Gesture-Controlled RC Car with Robot Arm

My project has 2 micro-controllers(Arduino): there is one on the glove, and the other is on the RC car. Using NRF modules these micro-controllers can communicate with each other. Flex sensors are used to control the motors and servo; the motors are used to move the car, and the servo is used to control the robot arm.

Engineer

Nitin V

Area of Interest

Computer Science and Electrical Engineering

School

Evergreen Valley High School

Grade

Rising Junior

Final Milestone

My final milestone is the increased reliability and accuracy of my robot. I ameliorated the sagging and fixed the reliability of the finger. As discussed in my second milestone, the arm sags because of weight. I put in a block of wood at the base to hold up the upper arm; this has reverberating positive effects throughout the arm. I also realized that the forearm was getting disconnected from the elbow servo’s horn because of the weight stress on the joint. Now, I make sure to constantly tighten the screws at that joint.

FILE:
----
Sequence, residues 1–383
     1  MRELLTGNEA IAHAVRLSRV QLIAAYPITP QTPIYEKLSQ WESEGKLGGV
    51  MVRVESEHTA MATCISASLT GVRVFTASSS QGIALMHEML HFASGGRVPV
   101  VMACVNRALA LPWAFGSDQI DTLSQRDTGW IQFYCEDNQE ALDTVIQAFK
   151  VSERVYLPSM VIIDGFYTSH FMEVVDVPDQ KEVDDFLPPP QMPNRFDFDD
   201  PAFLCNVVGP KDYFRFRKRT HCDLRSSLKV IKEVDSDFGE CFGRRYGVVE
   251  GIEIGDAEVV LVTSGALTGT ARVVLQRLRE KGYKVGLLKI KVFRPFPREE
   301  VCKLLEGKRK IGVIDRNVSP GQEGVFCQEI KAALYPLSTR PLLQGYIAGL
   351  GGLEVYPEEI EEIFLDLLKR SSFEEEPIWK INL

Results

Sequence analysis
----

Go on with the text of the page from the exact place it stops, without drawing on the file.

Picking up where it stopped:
Final Milestone